SIW: Are there any pieces of the security technology puzzle that you feel ACRE is still missing and what are you plans with regards to addressing that moving forward?

Grillo: There are areas we continue to look at. It doesn’t mean we will do anything – whether it is video, audio, etc. If you look at everything around a door or everything in a building that reports to a group of security professionals or a guard center, maybe it is less onsite and more remote and more virtual these days, we will take a look at all of those as parallels to our core of access control and access control is certainly at our core. But with our video transmission business and the intrusion business that we have in the U.S., as well as the visitor management business with the TDS acquisition that we did in April, those are closely related areas that we will continue to try to focus on and see where there are opportunities.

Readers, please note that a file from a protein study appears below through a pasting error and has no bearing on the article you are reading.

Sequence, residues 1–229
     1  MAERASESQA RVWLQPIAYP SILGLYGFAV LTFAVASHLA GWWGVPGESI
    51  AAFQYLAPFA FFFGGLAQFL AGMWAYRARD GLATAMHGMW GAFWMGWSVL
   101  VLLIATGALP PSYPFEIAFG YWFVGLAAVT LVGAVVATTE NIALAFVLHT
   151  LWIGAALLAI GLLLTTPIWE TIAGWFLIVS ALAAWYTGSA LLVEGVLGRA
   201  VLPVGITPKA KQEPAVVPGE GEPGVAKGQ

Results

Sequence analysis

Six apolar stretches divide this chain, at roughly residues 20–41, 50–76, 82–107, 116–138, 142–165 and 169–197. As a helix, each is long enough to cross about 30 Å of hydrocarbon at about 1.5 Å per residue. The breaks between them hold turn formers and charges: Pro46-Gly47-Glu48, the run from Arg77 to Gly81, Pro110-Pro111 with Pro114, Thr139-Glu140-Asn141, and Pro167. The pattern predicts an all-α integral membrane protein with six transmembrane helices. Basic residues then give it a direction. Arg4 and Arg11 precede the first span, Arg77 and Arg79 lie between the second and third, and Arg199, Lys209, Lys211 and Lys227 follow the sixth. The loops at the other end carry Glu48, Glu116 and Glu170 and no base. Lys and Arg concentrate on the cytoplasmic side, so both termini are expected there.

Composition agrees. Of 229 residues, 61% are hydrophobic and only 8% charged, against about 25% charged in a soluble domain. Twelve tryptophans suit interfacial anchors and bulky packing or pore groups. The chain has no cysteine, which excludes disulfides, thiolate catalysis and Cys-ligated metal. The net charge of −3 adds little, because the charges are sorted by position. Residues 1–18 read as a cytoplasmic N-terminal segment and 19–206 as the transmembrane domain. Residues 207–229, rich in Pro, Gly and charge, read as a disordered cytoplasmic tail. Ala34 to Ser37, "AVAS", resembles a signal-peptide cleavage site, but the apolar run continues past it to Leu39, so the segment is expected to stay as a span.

Joel Griffin is the Editor of SecurityInfoWatch.com and a veteran security journalist. You can reach him at [email protected]

About the Author

Joel Griffin | Editor-in-Chief, SecurityInfoWatch.com

Joel Griffin is the Editor-in-Chief of SecurityInfoWatch.com, a business-to-business news website published by Endeavor Business Media that covers all aspects of the physical security industry. Joel has covered the security industry since May 2008 when he first joined the site as assistant editor. Prior to SecurityInfoWatch, Joel worked as a staff reporter for two years at the Newton Citizen, a daily newspaper located in the suburban Atlanta city of Covington, Ga.